Thoughtful Estate Planning for Children with Substance Abuse Problems
January 29, 2017
Do you have a child who is addicted to drugs or alcohol? Do you struggle with the thought of what will happen to your child after you pass away? The last thing you want to do is to provide your drug addicted child with a blank check inheritance. This could lead to disastrous results, including a squandered inheritance or worse, you could unknowingly be contributing to your child’s unhealthy lifestyle. Fortunately, inheritance for children with substance abuse problems can be dealt with through thoughtful estate planning.
Disinherit the Child
While not the most appealing thought, parents are free to disinherit their children through specific instructions in their estate plans. Under some circumstances, this may be the safest route to save the child from his or her addiction. In Minnesota and Wisconsin, children have no right to a share of their parent’s estate if they are specifically excluded. Be advised, that if you do not prepare a will or other form of estate plan, your child will be entitled to a share of your estate under the Minnesota or Wisconsin intestacy statutes. If you decide to disinherit your child, you must leave specific instructions in your will or trust explicitly stating that such child was intentionally excluded. Disinheriting a child is often not an option a parent wants to consider. If that is the case, creating a trust can provide a more acceptable alternative.
Consider Creating a Trust
If you think it is unlikely that your child will recover from his addiction, but you still want to provide for him or her in your estate plan, consider leaving your estate in trust for the child’s benefit.
- Staggered Distributions: The terms of your trust can provide specific instruction as to how and when distributions are made. Distributions can be spread out over a period of years. For example, trusts can be written to distribute a quarter at age 25, a quarter at age 30, a quarter at age 35, and the remaining quarter at age 40. Such an arrangement may provide intelligent planning for a younger child with substance abuse problems who is thought to be going through growing pains.
- Incentive Trusts: Trusts can be drafted to prohibit distributions to problematic beneficiaries unless certain milestones are met; this type of trust is commonly referred to as an incentive trust. For example, a portion of the trust could distribute upon the receipt of a diploma for higher education, upon establishing a reliable record of continuous employment, upon the completion of drug or alcohol treatment, or consecutive clean results to random drug tests. If milestones/incentives are not met, the trust could provide for alternate distributions to charity or other remainder beneficiaries.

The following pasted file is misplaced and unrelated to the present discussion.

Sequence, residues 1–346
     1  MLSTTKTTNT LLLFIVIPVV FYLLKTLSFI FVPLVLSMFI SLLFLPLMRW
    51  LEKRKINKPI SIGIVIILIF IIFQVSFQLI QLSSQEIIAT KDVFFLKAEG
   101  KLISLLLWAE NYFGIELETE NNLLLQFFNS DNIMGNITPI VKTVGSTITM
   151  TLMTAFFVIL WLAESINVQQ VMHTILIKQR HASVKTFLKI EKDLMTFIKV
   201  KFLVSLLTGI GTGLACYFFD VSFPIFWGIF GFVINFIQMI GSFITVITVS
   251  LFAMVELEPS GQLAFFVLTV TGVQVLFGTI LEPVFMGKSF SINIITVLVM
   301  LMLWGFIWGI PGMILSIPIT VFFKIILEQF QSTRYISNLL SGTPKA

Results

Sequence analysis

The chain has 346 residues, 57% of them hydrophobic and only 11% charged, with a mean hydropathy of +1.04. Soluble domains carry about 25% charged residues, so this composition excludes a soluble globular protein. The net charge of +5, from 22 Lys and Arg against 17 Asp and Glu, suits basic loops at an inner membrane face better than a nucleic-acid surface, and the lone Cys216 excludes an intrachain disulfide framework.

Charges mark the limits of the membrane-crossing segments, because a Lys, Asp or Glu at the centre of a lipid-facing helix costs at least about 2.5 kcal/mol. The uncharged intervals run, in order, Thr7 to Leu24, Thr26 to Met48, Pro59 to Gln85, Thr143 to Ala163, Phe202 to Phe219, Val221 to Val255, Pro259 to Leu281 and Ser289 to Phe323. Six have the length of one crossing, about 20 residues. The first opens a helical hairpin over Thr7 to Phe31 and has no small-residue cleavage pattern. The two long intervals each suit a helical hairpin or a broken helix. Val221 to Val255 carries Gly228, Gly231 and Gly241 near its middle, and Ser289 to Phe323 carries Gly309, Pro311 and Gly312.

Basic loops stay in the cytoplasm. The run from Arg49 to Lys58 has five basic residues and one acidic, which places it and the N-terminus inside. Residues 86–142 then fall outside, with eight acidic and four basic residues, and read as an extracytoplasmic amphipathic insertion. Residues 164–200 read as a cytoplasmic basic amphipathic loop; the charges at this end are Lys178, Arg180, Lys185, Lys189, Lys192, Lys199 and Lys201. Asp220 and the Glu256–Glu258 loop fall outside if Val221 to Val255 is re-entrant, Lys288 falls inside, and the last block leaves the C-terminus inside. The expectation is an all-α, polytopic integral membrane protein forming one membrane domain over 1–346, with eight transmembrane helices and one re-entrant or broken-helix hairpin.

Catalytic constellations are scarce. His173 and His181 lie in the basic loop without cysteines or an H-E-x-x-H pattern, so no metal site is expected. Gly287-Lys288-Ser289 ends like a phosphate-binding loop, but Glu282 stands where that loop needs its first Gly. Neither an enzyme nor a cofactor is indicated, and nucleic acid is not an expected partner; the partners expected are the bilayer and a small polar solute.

- Wholly Discretionary Trusts: For children with more severe addiction problems, it may be advisable to establish a wholly discretionary trust, whereby the trustee maintains sole discretion over distributions of trust income and principal. The appointed trustee will effectively assume the role of financial gatekeeper for the child, with full authority to determine how much or how little shall be distributed for the child’s welfare. A benefit of a wholly discretionary trust is that the beneficiary has no ability to force the trustee to make distributions. This provides a parent with extra assurance that there estate will not negatively contribute to their child’s addiction.
Regardless of how a trust is drafted, a key factor in establishing a trust for a child who struggles with addiction is selecting an appropriate trustee. The trustee will be tasked with managing and investing trust assets appropriately and making tough decisions with respect to distributions. Selecting a trustee to handle this job should not be taken lightly. A sibling or extended family member is often a poor choice, given the obvious conflict this can create in family relationships. By appointing a family member to act as trustee, there is potential for converting a loving and supportive relationship into something that could quickly turn bitter or adversarial. Another option is to appoint an independent person or corporate trustee (often a bank or trust company). While independent fiduciaries and corporate trustees charge a fee for their services (typically around one percent of the trust’s assets), in most cases, the benefit far outweighs the cost by avoiding the potential for family conflict. Furthermore, an independent or corporate trustee will have the added benefit of financial expertise and experience in handling distributions to beneficiaries suffering from addiction.
In some instances, protecting our loved ones requires protecting them from themselves. This can be accomplished through thoughtful estate planning.